In accordance with the present invention, a high transconductance composite PNP transistor exhibits a beta much higher than can be achieved with a simple integrated PNP, an alpha greater than unity, and has a transconductance approaching infinity. Also, the emitter-to-base voltage is nearly zero and has a low temperature coefficient. The basic composite transistor configuration comprises one PNP and three NPN transistors, and behaves like a PNP transistor. Several variations of the basic configuration have been developed for differing applications.
It is therefore one object of the present invention to provide a high transconductance composite PNP transistor.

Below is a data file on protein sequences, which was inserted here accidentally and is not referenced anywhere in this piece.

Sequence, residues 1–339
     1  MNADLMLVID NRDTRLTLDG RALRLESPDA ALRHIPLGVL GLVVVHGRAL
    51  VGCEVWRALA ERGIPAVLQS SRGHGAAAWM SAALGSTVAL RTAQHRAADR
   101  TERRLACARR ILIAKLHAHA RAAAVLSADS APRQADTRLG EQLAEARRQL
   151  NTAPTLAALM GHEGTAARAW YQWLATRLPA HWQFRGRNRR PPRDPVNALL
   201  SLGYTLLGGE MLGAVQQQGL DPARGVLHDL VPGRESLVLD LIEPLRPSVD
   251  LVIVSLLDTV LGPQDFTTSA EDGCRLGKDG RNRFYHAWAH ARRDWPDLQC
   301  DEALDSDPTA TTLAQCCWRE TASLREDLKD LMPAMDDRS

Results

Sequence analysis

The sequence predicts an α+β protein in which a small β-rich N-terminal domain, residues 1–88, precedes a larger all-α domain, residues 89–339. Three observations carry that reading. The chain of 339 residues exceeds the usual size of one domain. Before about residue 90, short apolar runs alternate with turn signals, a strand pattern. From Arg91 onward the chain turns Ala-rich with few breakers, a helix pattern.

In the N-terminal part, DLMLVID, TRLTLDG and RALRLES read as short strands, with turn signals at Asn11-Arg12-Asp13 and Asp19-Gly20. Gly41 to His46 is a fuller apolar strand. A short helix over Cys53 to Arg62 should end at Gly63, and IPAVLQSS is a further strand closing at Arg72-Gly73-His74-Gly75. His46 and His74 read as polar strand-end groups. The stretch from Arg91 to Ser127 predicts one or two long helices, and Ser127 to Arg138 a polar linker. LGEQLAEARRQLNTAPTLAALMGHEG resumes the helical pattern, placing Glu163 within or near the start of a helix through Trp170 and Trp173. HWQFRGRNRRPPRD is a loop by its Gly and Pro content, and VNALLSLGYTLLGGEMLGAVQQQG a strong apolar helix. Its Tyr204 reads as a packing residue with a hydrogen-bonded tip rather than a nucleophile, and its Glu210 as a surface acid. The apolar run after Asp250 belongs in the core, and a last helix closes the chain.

It is another object of the present invention to provide an integrated composite PNP transistor having current gain and transconductance characteristics superior to those of a single PNP transistor.
Other objects, advantages, and attainments of the present invention will become obvious to those of ordinary skill in the art upon a reading of the following description when taken in conjunction with the accompanying drawings.
FIG. 1 is a schematic diagram of a composite PNP transistor in accordance with the present invention;
FIG. 2 is a schematic diagram of a linearized composite PNP transistor in accordance with the present invention; and
FIG. 3 is a schematic diagram of an alternative linearized composite PNP transistor in accordance with the present invention.